Aleurodicus niveus, John H. Martin, 2004

John H. Martin, 2004, Whiteflies of Belize (Hemiptera: Aleyrodidae). Part 1 — introduction and account of the subfamily Aleurodicinae Quaintance & Baker, Zootaxa 681, pp. 1-86: 25-26

publication ID 10.5281/zenodo.158856

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scientific name

Aleurodicus niveus

sp. nov.

Aleurodicus niveus  sp. nov.

( Figs 8, 66, 135)

PUPARIUM. Habitus. Surface of dorsal disc completely covered by opaque and exceptionally pure­white mealy secretions (Fig. 135); protruding through this opaque meal a single lustrous waxy filament issues from each of the cephalic and four abdominal pairs of large compound pores. Immediately lateral to the compound pores, submargin and puparial sides are completely hidden by dense, almost hair­like, white waxy filaments. Margin. Outline broadly ovoid, 1.28–1.41 mm long, 0.91–1.08 mm wide, generally widest at abdominal segment III (n= 11). Margin smooth to broadly lobulate, dependent on degree of downcurling, lobes more often evident anteriorly. Dorsum. Cuticle dusky­brownish. Longitudinal moulting suture reaching puparial margin; transverse moulting sutures apically curving slightly anteriorly, terminating opposite median part of metathorax, at level of submarginal setal row. Subdorsal and submedian area somewhat corrugate but without definite sculpturing. Abdominal segment VII/VIII boundary medially only marked by presence of pockets, and not by any suture; median lengths of segments VI, VII and VIII apparently similar. Vasiform orifice (Fig. 66) broadly cordate, a little wider than long, its rim thickened laterally, with a broad posterior lip that facilitates protrusion of lingula beyond operculum, the orifice situated about 0.75–0.80 times its own length from posterior margin of puparium; operculum almost completely occupies vasiform orifice, posteriorly emarginate where it overlies lingula, its margin uneven and surface shallowly rugose (Fig. 66), apparently without a posterior pair of setae; lingula head protrudes slightly beyond vasiform orifice, with an acute and finely bifid apical point, its two pairs of setae situated close to apex, the distal setal pair much stouter and longer than the proximal pair. Chaetotaxy. Anterior marginal setae not evident. With posterior marginal setae, 12 pairs of outer submarginal setae (including nominal caudal pair), and single pairs of submedian pro­, meso­ and metathoracic setae, each long and hair­like; eighth abdominal setae shorter and finer, situated anterior to vasiform orifice (Fig. 66). Pores. Cephalic and anterior 4 pairs of abdominal compound pores 35–50 (usually 45–50)µ m in maximum diameter, each with a dagger­shaped axial process protruding beyond the pore rim (Fig. 66); a pair of much smaller compound pores, 15–20 µ m diameter, present on each of abdominal segments VII & VIII, those on segment VII about twice as long as those on segment VIII. Broad submargin defined by a zone of crowded, wide­rimmed pores that stand proud from puparial surface, inner boundary of zone closely approaching compound pores but not forming mesally­directed lobes, the pore band narrowing posterior to vasiform orifice ( Figs 8, 66), but band not interrupted to form a caudal furrow. Remainder of dorsal disc with scattered pores slightly larger than those of submarginal band. Ve n t e r. Ventral abdominal setae overlain by vasiform orifice, the setae similar to dorsal submarginal setae. Legs typically robust and two­segmented, smooth, each with a pronounced apical claw, and with the distal segment bearing one or two small lateral setae. Antennae with their bases situated anterolateral to fore legs; antennae are damaged in parasitised individuals, and evidently not fully expanded in some others (see comments on Metaleurodicus variporus  , p. 52); when expanded, antennae with basal one­third smooth­sided, remainder subtly corrugate­sided, apices pointed; in holotype one antenna reaches level of middle legs, the other only to fore legs. Tracheal folds absent.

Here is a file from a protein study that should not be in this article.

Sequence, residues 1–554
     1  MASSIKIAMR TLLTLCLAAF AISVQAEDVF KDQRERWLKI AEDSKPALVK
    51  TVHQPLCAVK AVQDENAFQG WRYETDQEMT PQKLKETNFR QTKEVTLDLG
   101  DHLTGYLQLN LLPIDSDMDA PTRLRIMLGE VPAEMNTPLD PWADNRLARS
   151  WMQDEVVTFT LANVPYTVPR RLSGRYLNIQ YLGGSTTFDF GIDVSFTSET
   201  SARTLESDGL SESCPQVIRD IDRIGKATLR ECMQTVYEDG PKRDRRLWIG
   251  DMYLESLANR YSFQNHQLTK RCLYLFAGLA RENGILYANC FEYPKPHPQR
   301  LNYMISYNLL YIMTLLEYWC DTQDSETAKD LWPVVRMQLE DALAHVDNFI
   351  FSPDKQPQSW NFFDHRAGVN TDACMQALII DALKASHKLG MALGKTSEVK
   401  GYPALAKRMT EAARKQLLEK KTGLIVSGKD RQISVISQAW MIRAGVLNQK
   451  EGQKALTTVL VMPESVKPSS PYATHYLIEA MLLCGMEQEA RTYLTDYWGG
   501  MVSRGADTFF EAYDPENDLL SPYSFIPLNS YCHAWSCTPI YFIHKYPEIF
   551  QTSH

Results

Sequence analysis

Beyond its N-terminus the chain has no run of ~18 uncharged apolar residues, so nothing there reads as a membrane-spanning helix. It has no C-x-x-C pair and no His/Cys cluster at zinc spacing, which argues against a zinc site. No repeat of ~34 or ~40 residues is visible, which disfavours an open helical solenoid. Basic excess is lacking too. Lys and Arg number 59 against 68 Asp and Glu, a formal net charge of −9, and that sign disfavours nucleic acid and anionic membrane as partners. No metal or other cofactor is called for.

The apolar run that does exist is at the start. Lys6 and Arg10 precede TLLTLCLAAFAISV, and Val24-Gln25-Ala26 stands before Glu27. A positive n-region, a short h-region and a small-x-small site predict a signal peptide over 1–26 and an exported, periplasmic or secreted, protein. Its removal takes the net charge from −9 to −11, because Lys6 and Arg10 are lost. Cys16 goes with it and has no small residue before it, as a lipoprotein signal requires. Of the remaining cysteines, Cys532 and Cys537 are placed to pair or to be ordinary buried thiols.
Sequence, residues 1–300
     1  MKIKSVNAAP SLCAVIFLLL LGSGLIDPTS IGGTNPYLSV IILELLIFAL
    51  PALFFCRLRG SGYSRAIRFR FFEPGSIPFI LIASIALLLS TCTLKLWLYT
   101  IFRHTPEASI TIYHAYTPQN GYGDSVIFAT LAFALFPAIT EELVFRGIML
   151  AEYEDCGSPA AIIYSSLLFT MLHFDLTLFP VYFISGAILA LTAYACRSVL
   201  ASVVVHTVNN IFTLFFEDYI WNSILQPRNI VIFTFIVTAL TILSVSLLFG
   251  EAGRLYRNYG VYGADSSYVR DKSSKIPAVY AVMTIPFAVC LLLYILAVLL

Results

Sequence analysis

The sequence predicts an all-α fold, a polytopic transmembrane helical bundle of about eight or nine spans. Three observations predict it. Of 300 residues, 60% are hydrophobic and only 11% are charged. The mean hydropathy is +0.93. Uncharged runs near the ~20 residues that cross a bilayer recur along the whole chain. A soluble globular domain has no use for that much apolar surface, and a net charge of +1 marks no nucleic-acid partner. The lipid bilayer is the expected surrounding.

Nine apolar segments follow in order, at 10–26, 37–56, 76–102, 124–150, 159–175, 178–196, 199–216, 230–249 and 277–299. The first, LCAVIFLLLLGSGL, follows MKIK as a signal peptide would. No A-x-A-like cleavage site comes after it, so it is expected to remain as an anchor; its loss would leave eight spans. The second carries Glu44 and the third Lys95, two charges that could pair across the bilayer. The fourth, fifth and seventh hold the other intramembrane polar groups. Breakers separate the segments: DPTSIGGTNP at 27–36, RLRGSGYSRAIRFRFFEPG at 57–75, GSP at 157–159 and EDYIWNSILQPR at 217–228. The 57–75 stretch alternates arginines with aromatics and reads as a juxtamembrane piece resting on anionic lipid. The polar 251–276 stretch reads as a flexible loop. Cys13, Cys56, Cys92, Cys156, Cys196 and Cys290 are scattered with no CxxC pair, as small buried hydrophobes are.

MATERIAL EXAMINED. Holotype puparium, BELIZE, CFR, Las Cuevas forest, on Encyclia cochleata  ( Orchidaceae  ), 2004, (J. H. Martin # 7986) ( BMNH). Paratypes: 17 puparia (7 dry on leaf), same data as holotype ( BMNH, USNM).

ETYMOLOGY. The specific name is the latin adjective niveus  (meaning snowywhite), reflecting the appearance of grouped puparia in optimum condition when first collected.

COMMENTS. This species is known from a single colony, a group under one leaf of its epiphytic orchid host (Fig. 135). Most individuals proved to be parasitised, but five undamaged specimens were preserved in alcohol as soon as this became evident: three of these show no signs of parasitism under high magnification, and it is thought unlikely that the habitus appearance of the colony was affected by the development of parasitoids.

The features of the vasiform orifice, operculum and lingula (Fig. 66) are highly characteristic, with the very large operculum and bifid apical lingular process of particular note. In other characters, A. niveus  resembles A. rugioperculatus  , also described in this work.


Smithsonian Institution, National Museum of Natural History